The Fan Village, and the prohibition of parties in hotel rooms, were also a unique feature that should be emulated. No elevators, er, lifts, were broken at this convention, and everyone got enough sleep (maybe).

The long lines at every turn were a detriment, because they soaked up time that could have been spent enjoying the convention. This was probably unavoidable and unplanned because of the last-minute surge in registrations, and the size of the convention, which was record-breaking. Perhaps additional volunteers could have been requested from the lines, of people who had experience with cons in other places, to help out an hour or so to speed things along.

Part of the programming was provided in German, because of the number of German fans attending. This made it a truly “World” con. Whether or not it could be emulated in the USA is an open question.

The huge expanses of concrete and distances between events and functions seem inevitable, but given the “graying of fandom” factor, more attention needs to be paid to disabled access. There were a number of incidents where people on mobis ran into each other and were injured.

Finally, as I sat in the concourse one day, that fandom in general needs to go on a diet and find a good chiropractor. We are woefully out of shape, and I am no exception.

Respectfully submitted.

Loncon 3 and the Graphic Novel, Guest Of Honour Bryan Talbot

Bryan Talbot signing at Loncon 3.

Bryan Talbot signing at Loncon 3.

By Francis Hamit: At the Press Briefing before LonCon3 officially started, the Artist GoH, graphic novelist Bryan Talbot, said that being selected made him feel as if his art had finally moved beyond being considered mere “comic books” to being “literature”. He is quite well known in the UK, and the subject of a recent documentary The Graphic Novel Man: The Comics of Bryan Talbot. This hour-long presentation was shown on the fourth day of the convention and it seemed to me that not only had his art evolved into a form of literature, but a way to put cinema on paper. His subsequent lecture the same afternoon demonstrating the wide range of techniques and graphic devices confirmed this. He laid out the various ways to format a page so that the reader’s eye is easily led through the images and text that comprise the narrative.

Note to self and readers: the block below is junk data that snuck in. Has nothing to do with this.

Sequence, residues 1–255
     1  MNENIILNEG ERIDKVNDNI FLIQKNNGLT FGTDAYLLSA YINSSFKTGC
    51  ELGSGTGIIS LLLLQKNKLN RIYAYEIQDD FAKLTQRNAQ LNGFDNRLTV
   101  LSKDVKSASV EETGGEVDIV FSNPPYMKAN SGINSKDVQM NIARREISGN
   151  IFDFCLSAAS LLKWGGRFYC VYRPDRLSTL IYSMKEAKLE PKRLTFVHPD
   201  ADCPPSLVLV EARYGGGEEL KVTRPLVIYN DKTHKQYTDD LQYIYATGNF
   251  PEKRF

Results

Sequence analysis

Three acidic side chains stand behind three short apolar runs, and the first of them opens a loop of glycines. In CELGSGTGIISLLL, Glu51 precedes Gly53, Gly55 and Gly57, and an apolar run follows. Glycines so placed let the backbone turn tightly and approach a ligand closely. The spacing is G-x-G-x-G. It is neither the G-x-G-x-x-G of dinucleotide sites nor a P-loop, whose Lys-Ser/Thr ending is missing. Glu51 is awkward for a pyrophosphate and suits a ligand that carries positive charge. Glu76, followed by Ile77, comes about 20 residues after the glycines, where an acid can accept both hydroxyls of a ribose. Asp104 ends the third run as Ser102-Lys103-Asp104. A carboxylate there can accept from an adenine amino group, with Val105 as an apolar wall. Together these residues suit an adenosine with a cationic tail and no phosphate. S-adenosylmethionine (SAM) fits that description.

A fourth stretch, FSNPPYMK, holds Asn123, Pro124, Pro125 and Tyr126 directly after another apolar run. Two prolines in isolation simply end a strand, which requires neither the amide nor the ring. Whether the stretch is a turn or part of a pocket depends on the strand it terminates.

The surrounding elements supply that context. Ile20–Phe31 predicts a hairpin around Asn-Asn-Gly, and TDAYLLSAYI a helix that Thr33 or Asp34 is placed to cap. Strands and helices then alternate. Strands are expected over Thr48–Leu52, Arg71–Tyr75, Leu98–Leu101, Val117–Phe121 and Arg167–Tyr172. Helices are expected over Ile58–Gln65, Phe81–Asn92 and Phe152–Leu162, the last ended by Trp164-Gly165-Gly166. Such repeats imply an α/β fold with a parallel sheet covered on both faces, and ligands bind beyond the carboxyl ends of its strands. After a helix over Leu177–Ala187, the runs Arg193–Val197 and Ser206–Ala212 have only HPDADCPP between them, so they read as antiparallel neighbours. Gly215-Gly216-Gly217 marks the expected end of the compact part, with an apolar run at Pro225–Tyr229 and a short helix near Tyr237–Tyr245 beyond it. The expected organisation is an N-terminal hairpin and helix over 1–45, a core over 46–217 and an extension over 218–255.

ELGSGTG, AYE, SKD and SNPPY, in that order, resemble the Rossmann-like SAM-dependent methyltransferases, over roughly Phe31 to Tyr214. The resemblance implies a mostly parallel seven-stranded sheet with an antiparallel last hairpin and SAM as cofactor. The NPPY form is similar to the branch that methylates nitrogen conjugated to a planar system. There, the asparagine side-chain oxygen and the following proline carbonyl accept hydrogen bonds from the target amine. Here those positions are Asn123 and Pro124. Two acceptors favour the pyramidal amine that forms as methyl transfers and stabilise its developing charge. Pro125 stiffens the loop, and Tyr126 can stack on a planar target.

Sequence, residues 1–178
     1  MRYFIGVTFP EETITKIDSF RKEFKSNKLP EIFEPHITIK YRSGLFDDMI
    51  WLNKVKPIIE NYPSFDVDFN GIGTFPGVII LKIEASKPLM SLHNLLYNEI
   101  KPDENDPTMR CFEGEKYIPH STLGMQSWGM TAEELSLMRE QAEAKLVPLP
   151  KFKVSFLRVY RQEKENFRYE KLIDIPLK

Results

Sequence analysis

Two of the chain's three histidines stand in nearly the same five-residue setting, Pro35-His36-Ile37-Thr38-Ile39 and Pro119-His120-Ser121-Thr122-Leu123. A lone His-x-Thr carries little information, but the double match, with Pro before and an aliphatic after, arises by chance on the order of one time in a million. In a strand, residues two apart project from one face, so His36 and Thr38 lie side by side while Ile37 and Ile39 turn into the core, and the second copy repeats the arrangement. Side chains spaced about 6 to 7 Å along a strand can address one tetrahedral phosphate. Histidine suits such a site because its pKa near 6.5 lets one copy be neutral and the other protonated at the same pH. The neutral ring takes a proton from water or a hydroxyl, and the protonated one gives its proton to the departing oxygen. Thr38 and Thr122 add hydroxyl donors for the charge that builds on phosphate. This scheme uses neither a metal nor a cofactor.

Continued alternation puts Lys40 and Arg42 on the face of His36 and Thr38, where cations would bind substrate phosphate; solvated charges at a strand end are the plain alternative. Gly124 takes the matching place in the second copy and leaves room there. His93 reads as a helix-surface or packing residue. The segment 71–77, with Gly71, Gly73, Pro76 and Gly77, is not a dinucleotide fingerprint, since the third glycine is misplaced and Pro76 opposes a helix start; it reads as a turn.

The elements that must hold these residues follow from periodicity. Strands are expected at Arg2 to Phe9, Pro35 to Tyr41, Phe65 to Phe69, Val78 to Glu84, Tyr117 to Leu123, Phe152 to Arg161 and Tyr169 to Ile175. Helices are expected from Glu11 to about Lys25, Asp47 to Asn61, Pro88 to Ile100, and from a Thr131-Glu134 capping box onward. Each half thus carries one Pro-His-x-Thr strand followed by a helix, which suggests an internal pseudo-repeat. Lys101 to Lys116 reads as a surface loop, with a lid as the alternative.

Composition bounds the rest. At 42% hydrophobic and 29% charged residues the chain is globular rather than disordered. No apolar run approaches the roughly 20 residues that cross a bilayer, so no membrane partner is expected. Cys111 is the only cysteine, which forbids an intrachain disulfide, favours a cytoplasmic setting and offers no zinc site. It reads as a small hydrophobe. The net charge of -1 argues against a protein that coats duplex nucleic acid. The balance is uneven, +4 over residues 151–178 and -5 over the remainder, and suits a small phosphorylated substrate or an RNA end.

About the creative process, Talbot said, “When I get an idea, the first thing I do is write it down. Then I create a ‘bible’ for the graphic novel in a loose-leaf notebook so that I can move between the sections and make notes. Research is next, as I reference images and create ‘mind maps’ as a useful way of working through complete scenes and getting the order of scenes.

“Structure is very important. I chart the scene progression so that you can see the whole story, scene-by-scene, and the number of pages needed to tell the story. I create layers from the photo references as a basis for the individual panels, and add details. I make rough sketches that pre-planned of papaer are a mixture of words and pictures, so that the story changes at the right instants. Each moment is a moment in time. I choose which instants is needed to break the scene.